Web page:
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Last week marked the 20th anniversary of professors Doherty and Zinkernagel's Nobel Prize in Medicine for discoveries concerning the immune system. Twenty years on, and Monash University-based researchers are making fundamental advances in how our immune system functions.
The key to all immune responses - whether we are fighting off a cold, or our body is trying to eliminate a cancerous cell - are T cells. The T cell is the part of the immune system that recognizes a foreign invader, such as the influenza virus, and triggers the cascade of events that kills such devastating pathogens. But the mechanism by which these T cells are recruited to fight disease has remained unclear.
Now a team of Monash researchers has provided key insight into how T cells 'see' viruses. In a landmark paper in the journal Immunity, researchers from the Monash Biomedicine Discovery Institute and the ARC Centre of Excellence in Advanced Molecular Imaging, have investigated this recognition in the arsenal of T cells that sit in wait to respond to virus infection.
"It was thought that a common mechanism underpinned how our T cells recognized viruses, like a key in a lock" La Gruta said. "But this is not the case. Our data suggests that T cells can recognize viruses in a completely different way, and still 'unlock' a T cell response. This discovery is critical because the way this initial T cell-virus interaction occurs shapes the entire immune response that follows."
Using the National Synchrotron, Dr. Stephanie Gras was able to gain key molecular insights into how the T cell sees the virus, and in doing so, challenged immunological concepts spanning decades.
"This discovery is a major turn-around in the way we think of how the immune system works," La Gruta said.
"It's fitting that on the 20th anniversary of Australian Peter Doherty being awarded The Nobel Prize in Physiology or Medicine with Rolf M. Zinkernagel for their immune system research, we are still unraveling new ways in which the human body fights off disease."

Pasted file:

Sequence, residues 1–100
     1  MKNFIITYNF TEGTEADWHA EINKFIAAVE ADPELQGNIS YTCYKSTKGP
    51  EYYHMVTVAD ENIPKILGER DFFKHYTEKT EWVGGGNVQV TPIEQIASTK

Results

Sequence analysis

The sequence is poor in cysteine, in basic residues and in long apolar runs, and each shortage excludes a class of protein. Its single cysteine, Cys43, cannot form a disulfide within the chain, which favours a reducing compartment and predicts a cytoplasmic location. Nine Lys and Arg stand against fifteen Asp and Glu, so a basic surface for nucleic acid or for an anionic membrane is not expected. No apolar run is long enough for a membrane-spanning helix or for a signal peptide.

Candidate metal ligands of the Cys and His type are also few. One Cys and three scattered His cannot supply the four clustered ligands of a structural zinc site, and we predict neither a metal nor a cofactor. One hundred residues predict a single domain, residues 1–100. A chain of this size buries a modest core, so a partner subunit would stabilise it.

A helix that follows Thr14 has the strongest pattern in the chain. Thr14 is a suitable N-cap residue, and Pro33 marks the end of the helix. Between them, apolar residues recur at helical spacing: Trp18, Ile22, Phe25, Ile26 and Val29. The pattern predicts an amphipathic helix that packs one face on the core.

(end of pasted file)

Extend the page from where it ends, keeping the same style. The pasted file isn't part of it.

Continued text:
Committed to making the discoveries that will relieve the future burden of disease, the newly established Monash Biomedicine Discovery Institute at Monash University brings together more than 120 internationally-renowned research teams. Our researchers are supported by world-class technology and infrastructure, and partner with industry, clinicians and researchers internationally to enhance lives through discovery.
The $39 million ARC-funded Imaging CoE develops and uses innovative imaging technologies to visualize the molecular interactions that underpin the immune system. Featuring an internationally renowned team of lead scientists across five major Australian Universities and academic and commercial partners globally, the Centre uses a truly multi scale and programmatic approach to imaging to deliver maximum impact.
The Imaging CoE is headquartered at Monash University with four collaborating organizations - La Trobe University, the University of Melbourne, University of New South Wales and the University of Queensland.
Source: Monash University